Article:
Aristotle held that there are four causes in nature, four things that answer the question why a thing is – the material cause, the formal cause, the efficient cause and the final cause. St. Joe’s often ran a “four corners” offense with great skill as they knocked off bigger and more skilled basketball teams. Baseball’s ultimate play is a home run, or four-bagger. Basketball’s highest scoring play is a four point play (a three and a foul shot). The number 4 gave birth to albums by Foreigner (4), Blues Traveller (Four), Miles Davis (Four!) and Led Zeppelin (IV… and yes I know it’s those stupid symbols). There is the Fab Four, the Four Tops, the Gang of Four, the quartet that practiced in the park and the prototypical rock band lineup of four members.

There are the Four Horsemen (of Notre Dame and of The Apocalypse), the Fantastic Four, Four Evangelists (Matthew, Mark, Luke and John) and four teams that have had their defensive lines nicknamed the Fearsome Foursome (the ’57 Giants, the ’62 Lions, the ’63 Chargers and the ’65 Rams). There are four seasons (winter, summer, spring, fall, winter), The Four Seasons (“Sherry”), “Four Seasons” (Vivaldi), The Four Seasons (hotel) and The Four Seasons (a 1981 rom-com), not to mention the gorgeous “Four Seasons in One Day” by Crowded House.

Four is the smallest composite number. The Greek word for four, tetra, inspired Tetris, my favorite video game (I will kick your ass). There are four human blood groups, four suits in cards, you can use 4 in place of four or for when texting, four wheels make us go, four directions tell us where to go and who among us doesn’t love to utter the occasional four letter word.

And that brings us to the daunting task of picking artists with four great albums, a totally subjective exercise in examining productivity and fleeting artistic achievement. There really aren’t that many that have made four GREAT records – many have made one, two or three, but four is a difficult mountain to climb. And the ones that did seemed to do it in 3, 4 or 5 year bursts. Genius (at least when it comes to making records) is fleeting and the muse seems to leave just as quickly as it arrives. So a special nod to Tom Waits and John Prine for spacing out their greatness over 20 years.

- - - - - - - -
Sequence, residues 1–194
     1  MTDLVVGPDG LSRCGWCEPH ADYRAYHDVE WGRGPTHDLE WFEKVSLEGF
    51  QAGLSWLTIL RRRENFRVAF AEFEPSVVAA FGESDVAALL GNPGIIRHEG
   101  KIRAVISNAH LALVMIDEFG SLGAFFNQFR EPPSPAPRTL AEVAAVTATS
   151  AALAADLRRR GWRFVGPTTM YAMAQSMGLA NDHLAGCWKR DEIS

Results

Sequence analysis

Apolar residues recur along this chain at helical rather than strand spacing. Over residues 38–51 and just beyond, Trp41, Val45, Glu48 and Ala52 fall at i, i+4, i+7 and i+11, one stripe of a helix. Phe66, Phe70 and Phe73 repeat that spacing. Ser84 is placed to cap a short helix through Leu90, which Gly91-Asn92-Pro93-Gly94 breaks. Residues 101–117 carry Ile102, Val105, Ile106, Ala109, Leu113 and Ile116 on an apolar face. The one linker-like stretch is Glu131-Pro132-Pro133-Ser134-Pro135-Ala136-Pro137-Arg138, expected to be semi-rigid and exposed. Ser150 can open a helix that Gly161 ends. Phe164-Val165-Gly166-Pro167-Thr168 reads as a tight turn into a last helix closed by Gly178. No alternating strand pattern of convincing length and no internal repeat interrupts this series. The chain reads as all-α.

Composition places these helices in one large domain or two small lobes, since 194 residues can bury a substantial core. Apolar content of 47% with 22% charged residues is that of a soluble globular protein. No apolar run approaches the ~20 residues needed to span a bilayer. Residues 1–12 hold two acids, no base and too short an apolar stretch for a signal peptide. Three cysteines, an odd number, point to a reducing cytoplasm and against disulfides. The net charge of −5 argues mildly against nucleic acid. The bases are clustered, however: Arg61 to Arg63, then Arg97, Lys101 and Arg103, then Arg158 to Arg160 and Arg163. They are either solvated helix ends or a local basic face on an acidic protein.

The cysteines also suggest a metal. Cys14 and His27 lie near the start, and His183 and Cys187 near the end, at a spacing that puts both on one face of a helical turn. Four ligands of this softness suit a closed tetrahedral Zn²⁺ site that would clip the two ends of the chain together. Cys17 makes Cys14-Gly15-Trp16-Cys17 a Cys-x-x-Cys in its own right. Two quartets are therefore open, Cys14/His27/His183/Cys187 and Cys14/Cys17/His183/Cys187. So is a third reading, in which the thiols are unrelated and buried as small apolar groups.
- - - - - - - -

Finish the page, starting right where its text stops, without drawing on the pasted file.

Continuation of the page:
One ground rule – only artists who made their first record AFTER 1970 are considered, so no Beatles, no Stones, Dylan, Stevie Wonder, Otis Redding, The Band, Johnny Cash, Kinks, Van Morrison, Aretha Franklin, Led Zeppelin, etc – that list would just be too long.

So after much internal deliberation and debate, here are twenty (plus one) that gave us four (or a couple more).

1. Jackson Browne – Jackson Browne (1972), For Everyman (1973), Late For The Sky (1974), The Pretender (1976)

2. Cheap Trick – Cheap Trick (1977), In Color (1977), Heaven Tonight (1978), Dream Police (1979)

3. Elvis Costello (bonus greatness) – My Aim is True (1977), This Year’s Model (1978), Armed Forces (1979), Get Happy! (1980), Trust (1981), Imperial Bedroom (1982), King of America (1986)

4. Steve Earle – Guitar Town (1986), Copperhead Road (1988), I Feel Alright (1996), Transcendental Blues (2000)

5. Elton John (bonus greatness) - Elton John (1970), Madman Across the Water (1971), Tumbleweed Connection (1971), Honky Ch√Ęteau (1972), Don't Shoot Me I'm Only the Piano Player (1973), Goodbye Yellowbrick Road (1973), Captain Fantastic (1975)

6. The Hold Steady – Almost Killed Me (2004), Separation Sunday (2005), Boys And Girls in America (2006), Stay Positive (2008)

7. Husker Du – Zen Arcade (1984), New Day Rising (1985), Flip Your Wig (1985), Warehouse: Songs And Stories (1987)

8. The Jam – In The City (1977), All Mod Cons (1978), Setting Sons (1979), Sound Affects (1980)

9. Los Lobos – How Will The Wolf Survive? (1984), By The Light of The Moon (1987), The Neighborhood (1990), Kiko (1992)

9. Graham Parker – Howlin Wind (1976), Heat Treatment (1976), Stick To Me (1977), Squeezing Out Sparks (1979)

10. Prince – Dirty Mind (1980), 1999 (1983), Purple Rain (1984), Sign O’ The Times (1987)

11. John Prine – John Prine (1971), Sweet Revenge (1973), Bruised Orange (1978), The Missing Years (1991)

12. The Ramones – The Ramones (1976), Leave Home (1977), Rocket to Russia (1977), Road to Ruin (1978)

13. REM – Murmur (1983), Reckoning (1984), Document (1987), Automatic For The People (1992)

14. The Replacements – Hootenanny (1983), Let It Be (1984), Tim (1985), Pleased To Meet Me (1987)

15. RUN-DMC – Run-DMC (1984), King of Rock (1985), Raising Hell (1986), Tougher Than Leather (1988)

16. Bruce Springsteen (bonus greatness) – Greetings From Asbury Park, NJ (1973), The Wild, The Innocent and The E Street Shuffle (1973), Born to Run (1975), Darkness On The Edge of Town (1978), The River (1980), Nebraska (1982), Born in The USA (1984)

17. Talking Heads – Talking Heads ’77 (1977), More Songs About Buildings and Food (1978), Fear of Music (1979), Remain in Light (1980)

18. U2 – Boy (1980), War (1983), The Joshua Tree (1987), Achtung Baby (1991)

19. Tom Waits – Closing Time (1973), Swordfishtrombones (1983), Rain Dogs (1985), Bone Machine (1992)

20. X – Los Angeles (1980), Wild Gift (1981), Under The Big Black Sun (1982), More Fun in The New World (1983)

I know it’s heavy on 70’s and 80’s, so tell me who I missed. And for the record, I’ve got Wilco and Radiohead with three.